Economics professor Pedro Arrojo-Agudo, who teaches at the University of Zaragoza in Spain, is using his academic expertise to battle a monster: the National Hydrological Plan, a $25 billion project that would build 120 dams on the Ebro River. The dams would submerge entire towns along Spain’s second-longest river, displace tens of thousands of rice and fish farmers, and poison the wetlands of the river delta with salt. Arrojo-Agudo’s analyses have shown that the project makes little environmental, social, or economic sense.
Photo: Goldman Environmental Prize.
So Arrojo-Agudo, 52, has stepped off campus to organize an enormous grassroots movement. In recent months, hundreds of thousands of people have gathered in Barcelona, Madrid, and Zaragoza to protest the project. This mass movement is particularly striking in Spain, where the fascist dictator Francisco Franco ruled from 1939 to his death in 1975. “In the 60s and 70s we had no freedom,” says Arrojo-Agudo. “There was no discussion about policy or social issues. So the discussion that happened in the U.S. during those years is the same discussion we are having now.”
Arrojo-Agudo is the founder of the nonprofit Iberian Congress on Water Planning and Management and the Foundation for a New Culture of Water. On April 14, he was awarded one of six 2003 Goldman Environmental Prizes for his work to stop the National Hydrological Project. He spoke to Grist from his home in Zaragoza, Spain, the day before another planned protest in Barcelona.
I understand you did an economic analysis of the National Hydrological Plan. How did that analysis convince you to oppose the project?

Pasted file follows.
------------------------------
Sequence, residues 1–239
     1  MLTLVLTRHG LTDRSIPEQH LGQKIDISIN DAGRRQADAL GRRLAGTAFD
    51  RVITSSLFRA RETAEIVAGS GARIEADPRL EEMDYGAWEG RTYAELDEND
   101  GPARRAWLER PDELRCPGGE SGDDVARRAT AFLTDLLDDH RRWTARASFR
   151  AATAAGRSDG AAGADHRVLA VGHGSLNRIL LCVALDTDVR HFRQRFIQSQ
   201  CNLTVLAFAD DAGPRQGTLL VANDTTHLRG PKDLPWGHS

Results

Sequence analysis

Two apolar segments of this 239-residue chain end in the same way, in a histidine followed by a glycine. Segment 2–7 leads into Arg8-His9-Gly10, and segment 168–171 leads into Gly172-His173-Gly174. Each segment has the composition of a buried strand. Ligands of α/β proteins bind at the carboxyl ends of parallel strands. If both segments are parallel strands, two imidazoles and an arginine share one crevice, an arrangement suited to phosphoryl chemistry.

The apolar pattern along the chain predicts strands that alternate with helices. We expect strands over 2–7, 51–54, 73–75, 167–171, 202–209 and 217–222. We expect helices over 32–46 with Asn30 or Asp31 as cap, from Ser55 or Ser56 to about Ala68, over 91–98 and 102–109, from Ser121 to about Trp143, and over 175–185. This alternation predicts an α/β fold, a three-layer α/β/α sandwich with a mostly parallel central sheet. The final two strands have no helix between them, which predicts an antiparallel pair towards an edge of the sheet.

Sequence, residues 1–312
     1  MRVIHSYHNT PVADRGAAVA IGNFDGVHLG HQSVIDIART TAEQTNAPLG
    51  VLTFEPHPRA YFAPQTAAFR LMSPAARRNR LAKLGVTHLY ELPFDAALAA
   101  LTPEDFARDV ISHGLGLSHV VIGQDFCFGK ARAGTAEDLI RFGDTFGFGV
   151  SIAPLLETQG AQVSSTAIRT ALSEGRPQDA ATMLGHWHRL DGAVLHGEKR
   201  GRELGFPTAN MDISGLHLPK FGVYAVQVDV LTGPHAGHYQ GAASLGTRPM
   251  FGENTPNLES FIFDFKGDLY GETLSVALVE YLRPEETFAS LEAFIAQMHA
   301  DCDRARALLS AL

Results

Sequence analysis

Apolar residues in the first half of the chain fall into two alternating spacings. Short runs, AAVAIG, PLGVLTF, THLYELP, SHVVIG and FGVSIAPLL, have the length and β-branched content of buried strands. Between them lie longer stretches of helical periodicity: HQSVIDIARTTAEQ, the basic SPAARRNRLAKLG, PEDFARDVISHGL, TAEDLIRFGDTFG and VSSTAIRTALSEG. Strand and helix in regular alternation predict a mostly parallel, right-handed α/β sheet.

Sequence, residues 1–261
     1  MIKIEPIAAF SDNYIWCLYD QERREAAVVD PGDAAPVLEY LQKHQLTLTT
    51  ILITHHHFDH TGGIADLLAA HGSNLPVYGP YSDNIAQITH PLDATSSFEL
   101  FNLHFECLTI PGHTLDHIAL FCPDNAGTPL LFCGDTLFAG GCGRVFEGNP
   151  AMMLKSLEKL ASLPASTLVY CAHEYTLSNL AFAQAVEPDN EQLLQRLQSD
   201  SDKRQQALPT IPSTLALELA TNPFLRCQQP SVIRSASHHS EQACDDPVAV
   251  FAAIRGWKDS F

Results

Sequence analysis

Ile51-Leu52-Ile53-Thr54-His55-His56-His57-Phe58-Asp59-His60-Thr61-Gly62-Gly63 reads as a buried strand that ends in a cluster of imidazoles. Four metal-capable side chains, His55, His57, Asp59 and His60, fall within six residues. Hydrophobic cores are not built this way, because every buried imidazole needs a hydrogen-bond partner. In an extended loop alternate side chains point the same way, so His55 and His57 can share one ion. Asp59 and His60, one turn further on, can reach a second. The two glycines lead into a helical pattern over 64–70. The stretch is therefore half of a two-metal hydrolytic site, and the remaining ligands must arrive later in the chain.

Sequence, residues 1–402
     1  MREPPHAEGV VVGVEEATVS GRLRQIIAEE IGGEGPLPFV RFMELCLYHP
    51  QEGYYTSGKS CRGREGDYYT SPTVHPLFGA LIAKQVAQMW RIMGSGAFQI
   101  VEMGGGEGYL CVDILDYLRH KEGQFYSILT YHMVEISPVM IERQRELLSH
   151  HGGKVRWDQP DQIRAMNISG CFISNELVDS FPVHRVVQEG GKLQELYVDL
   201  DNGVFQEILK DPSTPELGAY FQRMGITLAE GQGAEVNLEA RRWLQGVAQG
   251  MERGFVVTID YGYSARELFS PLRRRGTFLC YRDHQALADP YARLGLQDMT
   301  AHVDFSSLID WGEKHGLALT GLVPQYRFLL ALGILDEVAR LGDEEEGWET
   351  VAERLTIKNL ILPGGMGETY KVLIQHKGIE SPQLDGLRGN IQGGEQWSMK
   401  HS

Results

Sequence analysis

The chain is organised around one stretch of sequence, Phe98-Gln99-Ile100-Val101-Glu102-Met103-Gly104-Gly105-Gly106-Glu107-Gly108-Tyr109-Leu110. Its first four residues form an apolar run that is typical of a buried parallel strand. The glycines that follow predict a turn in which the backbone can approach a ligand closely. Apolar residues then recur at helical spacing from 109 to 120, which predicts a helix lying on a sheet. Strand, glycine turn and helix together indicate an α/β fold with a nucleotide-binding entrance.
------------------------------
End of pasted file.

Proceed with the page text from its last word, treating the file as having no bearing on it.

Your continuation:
When I made the calculations, the results were so extremely negative that I didn’t believe it. I thought, “I am wrong, there is some mistake in here.” But I consulted with other colleagues, and their results were the same. At the same time, I was visiting the area that would be affected and talking to the people.
The people who are under this threat, they cannot talk to you without weeping, and seeing that gave me a very, very deep feeling. So I was convinced from the reasonable, rational point of view and also from the heart.
Is the NHP funded entirely by the government or are private companies involved as well?
In the United States, you have invented the expressions “perverse subsidies” and “pork barrel,” no? In Spain, it is the same. We’ve spent a century building and building, and at first it was needed, but now it’s for the benefit of some big companies, for the pork barrel. Public funds cover big infrastructures, they’re built in the name of public interest, but finally you find that the public interest is really the private interest. It’s a little bit like the movie “Chinatown”: The pretext is the benefits for the farmer, but the real reason is urban speculation and intensive agribusiness. In Spain, the real, final objective of this project is tourism development on the Mediterranean coast.
Photo: Robert Roll.
You’ve helped rally hundreds of thousands of people to protest the project. Is the government responding?
The response has been “Quick! Quick! It’s now or never!” The reaction of the government has been very authoritarian, the president thinks everything has to be solved by force. They just say, “These people aren’t in solidarity with progress.” I used to say the hardest drug in the world is power. No matter who has the majority in Parliament — it doesn’t matter if it’s left or right wing — the people lose.